Père Labat 1997 (42%): Unfortunately we do not know the age of this one… Nose: Quintessential Guadeloupean agricole but closer to the mainland than to Marie-Galante if you ask me, or J.M even! Pears and indian fig, apple pie with vanilla sauce, cinnamon, selected raisins and chestnuts. It’s a relatively familiar combination but it works! The palate takes on exactly where the nose stopped. The alcohol is just a little bit too sharp for this low abv but it does a good job at delivering the rum’s flavours. The notes from the nose are all there but now we have to add cereal, cherries and vanilla pudding. It’s getting closer to J.M by the minute. Finish: Medium long with the cereals, vanilla pudding/ pie and oak. A very solid rum without any real weaknesses or flaws, but also no accentuated highlights. Unfortunately, it never was a bargain. (80/100)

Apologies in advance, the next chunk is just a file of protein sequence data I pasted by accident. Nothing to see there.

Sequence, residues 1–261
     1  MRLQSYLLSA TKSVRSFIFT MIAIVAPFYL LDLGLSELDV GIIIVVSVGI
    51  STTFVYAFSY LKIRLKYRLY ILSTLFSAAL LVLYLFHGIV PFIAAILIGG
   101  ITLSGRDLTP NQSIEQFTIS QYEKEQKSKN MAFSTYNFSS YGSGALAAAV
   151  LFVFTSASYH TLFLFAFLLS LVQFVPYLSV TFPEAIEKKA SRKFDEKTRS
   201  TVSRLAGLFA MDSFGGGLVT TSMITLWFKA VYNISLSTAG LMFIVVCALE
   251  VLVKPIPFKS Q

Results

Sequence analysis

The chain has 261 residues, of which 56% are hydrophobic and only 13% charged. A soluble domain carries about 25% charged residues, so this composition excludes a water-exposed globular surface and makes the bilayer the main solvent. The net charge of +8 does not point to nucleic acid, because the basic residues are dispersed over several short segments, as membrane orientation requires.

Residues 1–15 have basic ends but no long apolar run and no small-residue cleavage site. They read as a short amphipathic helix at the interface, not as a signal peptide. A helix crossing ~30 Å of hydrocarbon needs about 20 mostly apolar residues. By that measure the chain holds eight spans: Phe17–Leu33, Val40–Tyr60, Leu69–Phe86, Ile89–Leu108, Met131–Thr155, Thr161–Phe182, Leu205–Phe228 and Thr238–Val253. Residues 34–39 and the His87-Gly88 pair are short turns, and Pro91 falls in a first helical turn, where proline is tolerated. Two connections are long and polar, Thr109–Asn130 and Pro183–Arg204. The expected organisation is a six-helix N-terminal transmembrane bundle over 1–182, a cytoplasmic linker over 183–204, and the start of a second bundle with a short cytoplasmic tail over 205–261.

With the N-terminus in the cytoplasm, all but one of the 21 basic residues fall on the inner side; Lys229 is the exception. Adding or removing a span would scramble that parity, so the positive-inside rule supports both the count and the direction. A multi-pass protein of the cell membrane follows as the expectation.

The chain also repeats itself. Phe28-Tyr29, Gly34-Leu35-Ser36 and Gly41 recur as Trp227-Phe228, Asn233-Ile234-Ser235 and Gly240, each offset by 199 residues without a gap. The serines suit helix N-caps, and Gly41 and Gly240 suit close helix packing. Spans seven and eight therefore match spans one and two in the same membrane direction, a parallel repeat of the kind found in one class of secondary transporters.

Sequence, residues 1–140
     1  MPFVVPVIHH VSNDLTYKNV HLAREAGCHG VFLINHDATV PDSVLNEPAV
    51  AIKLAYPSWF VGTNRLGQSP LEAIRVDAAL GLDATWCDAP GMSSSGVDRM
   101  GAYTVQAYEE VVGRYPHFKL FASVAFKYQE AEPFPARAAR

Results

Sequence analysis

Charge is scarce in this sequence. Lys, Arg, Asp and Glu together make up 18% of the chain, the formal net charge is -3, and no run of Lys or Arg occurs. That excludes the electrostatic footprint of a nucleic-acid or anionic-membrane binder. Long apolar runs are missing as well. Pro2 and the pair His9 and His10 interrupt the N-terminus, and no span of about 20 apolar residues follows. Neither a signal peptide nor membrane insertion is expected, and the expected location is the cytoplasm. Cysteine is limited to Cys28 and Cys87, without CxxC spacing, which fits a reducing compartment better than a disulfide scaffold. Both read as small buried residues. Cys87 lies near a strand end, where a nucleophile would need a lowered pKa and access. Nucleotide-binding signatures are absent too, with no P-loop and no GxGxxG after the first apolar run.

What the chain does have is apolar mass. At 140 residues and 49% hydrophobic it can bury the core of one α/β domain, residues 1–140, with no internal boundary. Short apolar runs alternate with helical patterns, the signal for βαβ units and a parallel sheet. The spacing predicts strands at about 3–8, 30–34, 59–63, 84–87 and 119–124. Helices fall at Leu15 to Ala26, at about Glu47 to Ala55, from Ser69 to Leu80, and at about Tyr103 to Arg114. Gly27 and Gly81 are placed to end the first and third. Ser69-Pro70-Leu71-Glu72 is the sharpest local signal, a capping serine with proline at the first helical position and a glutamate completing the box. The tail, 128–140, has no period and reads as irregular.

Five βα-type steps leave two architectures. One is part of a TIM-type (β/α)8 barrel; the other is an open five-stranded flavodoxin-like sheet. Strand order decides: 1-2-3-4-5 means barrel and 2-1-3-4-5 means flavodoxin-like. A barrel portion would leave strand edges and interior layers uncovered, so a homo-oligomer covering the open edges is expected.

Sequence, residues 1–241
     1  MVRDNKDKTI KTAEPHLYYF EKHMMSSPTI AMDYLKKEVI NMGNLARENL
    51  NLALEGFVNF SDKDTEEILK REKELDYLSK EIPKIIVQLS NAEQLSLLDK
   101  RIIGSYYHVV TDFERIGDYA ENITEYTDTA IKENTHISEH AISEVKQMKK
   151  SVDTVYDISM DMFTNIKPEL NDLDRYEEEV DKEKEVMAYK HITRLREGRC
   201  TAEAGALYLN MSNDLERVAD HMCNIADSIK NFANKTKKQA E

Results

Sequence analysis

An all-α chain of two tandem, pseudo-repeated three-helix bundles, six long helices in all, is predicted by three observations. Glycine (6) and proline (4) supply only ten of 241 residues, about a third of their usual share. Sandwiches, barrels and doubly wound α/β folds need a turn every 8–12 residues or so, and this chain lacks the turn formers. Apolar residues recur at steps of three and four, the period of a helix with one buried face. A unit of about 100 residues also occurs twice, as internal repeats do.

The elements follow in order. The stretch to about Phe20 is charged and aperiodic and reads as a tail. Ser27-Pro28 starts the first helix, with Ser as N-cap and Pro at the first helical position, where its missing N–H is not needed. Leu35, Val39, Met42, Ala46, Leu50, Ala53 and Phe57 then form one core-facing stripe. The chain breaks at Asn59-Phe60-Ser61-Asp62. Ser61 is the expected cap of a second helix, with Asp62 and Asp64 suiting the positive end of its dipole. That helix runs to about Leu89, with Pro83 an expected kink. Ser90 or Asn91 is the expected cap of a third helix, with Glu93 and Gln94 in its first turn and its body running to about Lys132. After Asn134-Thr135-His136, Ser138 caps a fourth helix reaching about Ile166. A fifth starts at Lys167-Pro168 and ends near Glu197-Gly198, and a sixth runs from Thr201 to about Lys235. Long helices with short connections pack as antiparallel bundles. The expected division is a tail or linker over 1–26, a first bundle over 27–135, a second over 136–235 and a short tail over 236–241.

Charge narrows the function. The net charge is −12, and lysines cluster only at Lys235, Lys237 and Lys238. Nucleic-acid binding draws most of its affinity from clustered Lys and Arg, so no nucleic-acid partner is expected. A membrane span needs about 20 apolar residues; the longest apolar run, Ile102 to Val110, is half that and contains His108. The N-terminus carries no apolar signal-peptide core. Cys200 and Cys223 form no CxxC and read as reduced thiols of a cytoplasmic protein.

Père Labat 1985 (54,5%): As with the previous one, we don’t know the rhum’s age but it should be quite old. Anyway, the higher abv should be more interesting than the age. The nose is already quite a bit more bitter than that of the two first rhums. I get lots of wood, grape must, tannins, orange peel and marmalade, walnut oil, cider and dried oregano in the background. It seems to be rather simple at first but then there’s quite a lot to discover. What I am missing a bit are some of the fresher, fruity elements we’ve had in the younger (I think it is rather safe to assume that the other rums are all younger) ones. At the palate we encounter a very full texture with the same set of tannins and bitter notes from the nose. It takes a while but after a few seconds we finally notice that this rhum might indeed come from the same distillery as the former two. Once again, this one must be rather old as the cask has adulterated the spirit substantially. It didn’t destroy the distillate (as it did with the Damoiseau 1953 31YO for instance) but we have to start questioning if the rhum might have been better at a younger age. In a sense it is very close to old Armagnacs, especially since the grape must comes through time and again. Moreover, there are lots of spices from the cask, the walnut oil and, needless to say, plenty of wood. The finish is long and relatively bitter, but not in an unpleasant way. Flavourwise, it’s just an extension of the palate. This is a rhum for the hardcore fans. A few people will absolutely love it but I guess for the majority it will just be a nice one. For my liking it could have been more balanced. (81/100)